The map is not the territory

Kluwer Mediation Blog
February 8, 2018

Please refer tot his post as: , ‘The map is not the territory’, Kluwer Mediation Blog, February 8 2018,

In 1933 Alfred Korzybski wrote: “A map is not the territory it represents, but, if correct, it has a similar structure to the territory, which accounts for its usefulness.” More recently (2006), James Robertson wrote (to reference him once again, this time from ‘The Testament of Gideon Mack’): “We trust in maps because when we test them out, on a walk or a drive, we find, generally speaking, that they are telling the truth… And yet they are only pictures. They are not the real terrain, only representations of it. But our inclination is nearly always to believe the map.”

I am particularly struck by the notion that we are inclined to trust maps and feel they are telling us the truth and the relationship of this to the idea that there are at least three truths – your truth, my truth and the truth. Given there can be many different maps of an area, depending on what you wish to focus attention on, there might well be numerous ‘truths’.

Things are often not what they at first seem and we frequently see or hear or sense things differently, depending on where and in what circumstances we find ourselves in. If I remember clearly (a big assumption – see below), an early experiment in mental mapping asked students in London and Edinburgh to map where Leeds was. Those in Edinburgh put it closer to London and those in London put it closer to Edinburgh – it is around halfway.

On top of differences in perspective our memory apparently doesn’t work like a tape recording but draws things from different stores in the brain depending on context in which it’s needed, which can obscure our understanding of ‘the truth’.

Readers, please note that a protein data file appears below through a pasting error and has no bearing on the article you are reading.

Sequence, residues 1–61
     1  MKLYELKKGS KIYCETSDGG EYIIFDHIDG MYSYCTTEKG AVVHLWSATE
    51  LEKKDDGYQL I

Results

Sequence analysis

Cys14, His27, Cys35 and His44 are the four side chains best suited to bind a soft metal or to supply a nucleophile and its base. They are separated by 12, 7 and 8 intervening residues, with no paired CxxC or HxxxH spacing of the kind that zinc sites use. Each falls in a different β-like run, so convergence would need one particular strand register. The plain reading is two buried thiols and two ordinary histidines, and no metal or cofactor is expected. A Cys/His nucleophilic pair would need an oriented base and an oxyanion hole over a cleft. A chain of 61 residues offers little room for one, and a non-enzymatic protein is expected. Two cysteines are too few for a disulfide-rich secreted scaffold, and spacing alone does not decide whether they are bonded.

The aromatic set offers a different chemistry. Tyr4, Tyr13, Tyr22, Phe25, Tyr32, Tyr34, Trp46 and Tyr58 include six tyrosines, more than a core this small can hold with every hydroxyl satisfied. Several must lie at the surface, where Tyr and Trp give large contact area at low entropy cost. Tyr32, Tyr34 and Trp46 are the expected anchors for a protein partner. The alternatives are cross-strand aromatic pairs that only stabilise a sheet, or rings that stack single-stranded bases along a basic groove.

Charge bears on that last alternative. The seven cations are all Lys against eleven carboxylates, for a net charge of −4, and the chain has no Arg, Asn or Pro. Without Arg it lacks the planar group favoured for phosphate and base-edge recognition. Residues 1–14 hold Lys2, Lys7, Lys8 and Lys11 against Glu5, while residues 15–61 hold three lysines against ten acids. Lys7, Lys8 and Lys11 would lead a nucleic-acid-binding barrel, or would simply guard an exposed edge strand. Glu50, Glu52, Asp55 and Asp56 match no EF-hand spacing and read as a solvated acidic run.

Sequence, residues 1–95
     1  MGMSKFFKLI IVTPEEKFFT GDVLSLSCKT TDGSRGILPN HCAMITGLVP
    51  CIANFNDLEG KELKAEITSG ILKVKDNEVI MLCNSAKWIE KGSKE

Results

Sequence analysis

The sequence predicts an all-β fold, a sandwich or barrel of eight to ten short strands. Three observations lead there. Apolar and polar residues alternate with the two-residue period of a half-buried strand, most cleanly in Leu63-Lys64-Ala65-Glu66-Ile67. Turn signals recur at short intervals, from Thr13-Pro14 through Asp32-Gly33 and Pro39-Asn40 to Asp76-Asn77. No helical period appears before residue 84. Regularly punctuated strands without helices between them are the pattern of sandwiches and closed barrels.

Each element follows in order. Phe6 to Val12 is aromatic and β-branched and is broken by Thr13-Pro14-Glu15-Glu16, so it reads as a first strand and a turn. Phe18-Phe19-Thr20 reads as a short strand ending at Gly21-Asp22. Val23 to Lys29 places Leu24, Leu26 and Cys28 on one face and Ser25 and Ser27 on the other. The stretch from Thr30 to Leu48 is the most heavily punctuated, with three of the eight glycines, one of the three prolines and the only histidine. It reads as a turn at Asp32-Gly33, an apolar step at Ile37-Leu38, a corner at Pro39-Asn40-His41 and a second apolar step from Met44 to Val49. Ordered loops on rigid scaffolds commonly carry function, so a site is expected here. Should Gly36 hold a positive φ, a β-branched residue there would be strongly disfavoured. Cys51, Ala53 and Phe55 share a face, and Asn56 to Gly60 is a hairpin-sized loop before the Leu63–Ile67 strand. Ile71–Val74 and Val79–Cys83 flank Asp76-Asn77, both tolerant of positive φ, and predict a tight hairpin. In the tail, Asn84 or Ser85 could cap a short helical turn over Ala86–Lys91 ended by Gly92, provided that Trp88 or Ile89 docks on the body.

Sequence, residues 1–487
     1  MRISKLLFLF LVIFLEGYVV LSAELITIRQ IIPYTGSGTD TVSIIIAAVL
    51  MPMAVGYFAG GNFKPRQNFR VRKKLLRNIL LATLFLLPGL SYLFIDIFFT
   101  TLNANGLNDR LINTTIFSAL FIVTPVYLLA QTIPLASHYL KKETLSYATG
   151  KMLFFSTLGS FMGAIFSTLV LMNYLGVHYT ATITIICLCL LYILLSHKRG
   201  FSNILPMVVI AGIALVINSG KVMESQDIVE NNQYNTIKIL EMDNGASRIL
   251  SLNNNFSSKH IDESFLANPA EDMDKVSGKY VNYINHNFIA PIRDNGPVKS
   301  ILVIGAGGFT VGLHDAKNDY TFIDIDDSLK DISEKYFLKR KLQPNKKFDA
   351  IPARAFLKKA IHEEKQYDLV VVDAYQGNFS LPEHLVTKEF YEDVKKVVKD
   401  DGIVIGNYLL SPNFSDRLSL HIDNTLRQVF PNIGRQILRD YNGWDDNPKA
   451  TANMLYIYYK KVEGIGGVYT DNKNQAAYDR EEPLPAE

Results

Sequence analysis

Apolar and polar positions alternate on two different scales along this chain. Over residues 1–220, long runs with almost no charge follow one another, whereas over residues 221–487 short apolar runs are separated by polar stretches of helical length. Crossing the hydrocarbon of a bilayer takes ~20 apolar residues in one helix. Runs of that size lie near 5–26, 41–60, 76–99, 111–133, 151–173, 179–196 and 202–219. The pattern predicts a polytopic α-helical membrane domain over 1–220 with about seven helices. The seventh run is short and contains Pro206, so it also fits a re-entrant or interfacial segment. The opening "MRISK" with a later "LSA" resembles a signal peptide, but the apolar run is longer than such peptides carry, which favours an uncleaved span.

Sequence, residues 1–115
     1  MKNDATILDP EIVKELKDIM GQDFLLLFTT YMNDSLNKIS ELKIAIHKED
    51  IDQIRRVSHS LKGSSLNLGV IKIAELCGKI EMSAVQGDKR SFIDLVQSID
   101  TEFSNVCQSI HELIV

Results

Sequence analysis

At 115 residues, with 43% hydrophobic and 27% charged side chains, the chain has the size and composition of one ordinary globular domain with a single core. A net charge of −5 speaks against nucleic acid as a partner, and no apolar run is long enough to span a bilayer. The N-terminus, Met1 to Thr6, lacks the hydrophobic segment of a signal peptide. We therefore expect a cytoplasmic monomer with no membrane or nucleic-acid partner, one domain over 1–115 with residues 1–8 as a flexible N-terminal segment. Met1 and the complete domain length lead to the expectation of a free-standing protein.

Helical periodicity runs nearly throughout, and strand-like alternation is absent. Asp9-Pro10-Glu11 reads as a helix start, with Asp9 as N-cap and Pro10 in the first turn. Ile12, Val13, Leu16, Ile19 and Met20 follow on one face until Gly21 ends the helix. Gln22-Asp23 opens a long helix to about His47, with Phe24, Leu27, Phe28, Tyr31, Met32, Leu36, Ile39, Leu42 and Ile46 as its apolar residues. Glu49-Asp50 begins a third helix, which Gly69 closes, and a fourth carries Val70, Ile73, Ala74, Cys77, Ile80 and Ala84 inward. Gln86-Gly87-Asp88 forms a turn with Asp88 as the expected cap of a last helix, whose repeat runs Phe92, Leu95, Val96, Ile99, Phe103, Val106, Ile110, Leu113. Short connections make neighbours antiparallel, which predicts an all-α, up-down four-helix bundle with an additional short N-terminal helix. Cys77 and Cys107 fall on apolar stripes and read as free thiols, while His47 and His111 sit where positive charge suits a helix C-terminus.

Plus we are easily distracted and might not even notice certain ‘truths’ – for example, did you see the gorilla here first time around?

And if all this wasn’t enough, if I understand it correctly (another big assumption!), quantum mechanics shows that the outcome of an experiment can change depending on how it is observed; suggesting that there might not be a truly objective reality out there at all!

What might all this have to do with mediation? Drawing as clear a picture as possible of the mental maps that parties have of their truth (of where they have come from, where they are now and where they might be going, along with the assumptions used in their construction) would certainly give real meaning to the idea of an exploration phase! Getting permission to share all or part of these maps where appropriate could be extremely valuable in terms of increasing understanding of different truths. Being able to compare maps might also be really helpful in reality testing. Maybe a mediator could also play a role in offering their own maps of the territory to help summarise and test understanding or to offer straw men to help test future possibilities.